What I don't have following me when I shop is a friend with a camera. Or a friend with a camera and an amazing eye. Or a friend with a camera and an amazing eye who actually likes following me around. As luck would have it, I had it ALL of things this day.
After I chose just the right Aji Dulce Peppers, the best Lemon and Basil goat cheese, and the most beautiful white sweet onions ever, we sat down to watch a cooking demonstrations, rubbed our fingers across the smooth texture of fresh eggs, and sampled some of the best vodka sauce I've ever tried and ended up using to cook with that night. (You have to check out Cannizzaro Famiglia!)
The medley of peppers were roasted and mixed into a vodka sauce which was then folded into beautiful, thin tagliarelle pasta. I love the thin, elegant but perfectly textured feel of these noodles.
The goat cheese ended up being folded into puff pastry with kalamata olives, sundried tomatoes, and some good olive oil for an incredible appetizer.
As all of you know, I treat food like jewelery. I adorn it, and let it adorn the evening. And just as Vicky followed me around the Farmer's Market that day, I will always follow food that makes the people around me squeal with delight at what I've put on their plate.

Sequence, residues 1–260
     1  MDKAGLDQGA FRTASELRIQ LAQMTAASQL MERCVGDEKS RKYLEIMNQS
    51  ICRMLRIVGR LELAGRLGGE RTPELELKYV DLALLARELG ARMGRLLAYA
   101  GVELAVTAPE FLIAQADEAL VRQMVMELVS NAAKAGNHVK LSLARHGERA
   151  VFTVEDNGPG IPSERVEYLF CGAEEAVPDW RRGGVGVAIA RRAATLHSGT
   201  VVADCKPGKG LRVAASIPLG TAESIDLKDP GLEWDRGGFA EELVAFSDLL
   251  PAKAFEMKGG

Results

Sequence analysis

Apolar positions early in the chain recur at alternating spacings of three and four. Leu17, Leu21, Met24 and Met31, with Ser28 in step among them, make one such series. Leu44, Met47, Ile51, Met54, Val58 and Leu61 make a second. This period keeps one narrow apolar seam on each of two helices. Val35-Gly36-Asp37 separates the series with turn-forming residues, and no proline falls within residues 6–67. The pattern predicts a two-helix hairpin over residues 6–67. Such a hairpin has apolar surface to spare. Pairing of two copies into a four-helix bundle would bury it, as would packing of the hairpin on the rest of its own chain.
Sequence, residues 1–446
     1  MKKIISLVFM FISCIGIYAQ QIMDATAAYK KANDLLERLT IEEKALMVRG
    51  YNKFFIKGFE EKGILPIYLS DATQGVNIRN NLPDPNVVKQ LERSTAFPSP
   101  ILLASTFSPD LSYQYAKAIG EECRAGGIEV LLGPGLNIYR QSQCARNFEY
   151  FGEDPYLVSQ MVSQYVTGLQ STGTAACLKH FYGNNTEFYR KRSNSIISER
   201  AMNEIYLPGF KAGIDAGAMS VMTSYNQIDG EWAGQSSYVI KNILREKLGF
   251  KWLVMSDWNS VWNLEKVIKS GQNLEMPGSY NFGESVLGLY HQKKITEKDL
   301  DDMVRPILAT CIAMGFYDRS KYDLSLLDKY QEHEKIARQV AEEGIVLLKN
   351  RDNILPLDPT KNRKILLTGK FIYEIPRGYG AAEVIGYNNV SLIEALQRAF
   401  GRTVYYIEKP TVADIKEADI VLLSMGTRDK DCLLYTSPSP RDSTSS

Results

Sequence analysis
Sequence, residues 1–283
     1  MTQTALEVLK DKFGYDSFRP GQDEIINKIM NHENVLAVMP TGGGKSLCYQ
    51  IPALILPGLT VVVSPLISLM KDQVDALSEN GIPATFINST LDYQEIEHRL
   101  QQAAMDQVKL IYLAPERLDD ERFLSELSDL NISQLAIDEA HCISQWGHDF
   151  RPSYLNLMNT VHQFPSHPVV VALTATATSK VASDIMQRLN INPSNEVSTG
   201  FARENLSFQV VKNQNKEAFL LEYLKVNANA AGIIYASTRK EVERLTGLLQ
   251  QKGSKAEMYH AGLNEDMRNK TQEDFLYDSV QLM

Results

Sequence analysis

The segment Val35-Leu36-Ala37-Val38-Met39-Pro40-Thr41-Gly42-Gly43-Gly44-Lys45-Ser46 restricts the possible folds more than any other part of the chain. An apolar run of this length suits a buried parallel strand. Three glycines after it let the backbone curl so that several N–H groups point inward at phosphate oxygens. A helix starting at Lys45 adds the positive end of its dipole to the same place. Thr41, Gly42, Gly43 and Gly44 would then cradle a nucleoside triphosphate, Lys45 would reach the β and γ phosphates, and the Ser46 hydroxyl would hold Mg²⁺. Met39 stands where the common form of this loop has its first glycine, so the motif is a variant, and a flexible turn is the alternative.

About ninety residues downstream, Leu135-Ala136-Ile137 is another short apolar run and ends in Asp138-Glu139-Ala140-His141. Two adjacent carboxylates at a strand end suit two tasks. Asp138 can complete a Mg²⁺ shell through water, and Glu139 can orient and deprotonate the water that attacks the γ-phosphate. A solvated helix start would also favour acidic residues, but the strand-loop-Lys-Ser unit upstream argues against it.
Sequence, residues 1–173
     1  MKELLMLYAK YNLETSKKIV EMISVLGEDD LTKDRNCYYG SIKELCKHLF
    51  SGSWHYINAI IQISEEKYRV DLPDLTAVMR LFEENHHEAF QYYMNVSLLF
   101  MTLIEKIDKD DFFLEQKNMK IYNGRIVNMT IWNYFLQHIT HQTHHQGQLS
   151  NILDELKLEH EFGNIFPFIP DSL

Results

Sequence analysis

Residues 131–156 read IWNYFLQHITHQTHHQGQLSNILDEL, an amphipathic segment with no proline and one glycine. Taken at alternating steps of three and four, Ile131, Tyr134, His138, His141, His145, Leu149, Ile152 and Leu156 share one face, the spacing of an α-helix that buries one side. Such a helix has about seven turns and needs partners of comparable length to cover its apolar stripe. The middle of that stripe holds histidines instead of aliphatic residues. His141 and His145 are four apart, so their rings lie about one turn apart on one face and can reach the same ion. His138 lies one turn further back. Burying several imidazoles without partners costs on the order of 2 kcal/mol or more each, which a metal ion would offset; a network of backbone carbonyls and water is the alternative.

RECIPE: Roasted Pepper, Pancetta and Vodka Sauce with Tagliarelle
2 Chioggia beets, cut into chunks
¼ C pancetta
1 bottle of your favorite vodka sauce
1 box tagliarelle pasta
3 T light oil
1 large clove of garlic
1/3 small onion rough chopped
Salt and pepper
In a large saucepan, add 1 T oil and the pancetta. Cook until lightly browned but not hardened. Only takes a couple of minutes. Add the vodka sauce and all the peppers, onions and beets into the pan. Let simmer on low for about 15 minutes. While simmering cook the pasta according to directions, about 6 minutes. Ladle the pasta into the sauce mixture. Stir. Serve with torn basil.
RECIPE: Kalamata Olive, Sundried Tomato,
and Goat Cheese Puff Pastry Wheels
4 ounces good goat cheese (I used lemon basil from the farmer’s market)
¼ C sundried tomatoes chopped
½ C chopped fresh Kalamata olives
Handful fresh basil
Salt and pepper
1 egg whisked as an egg wash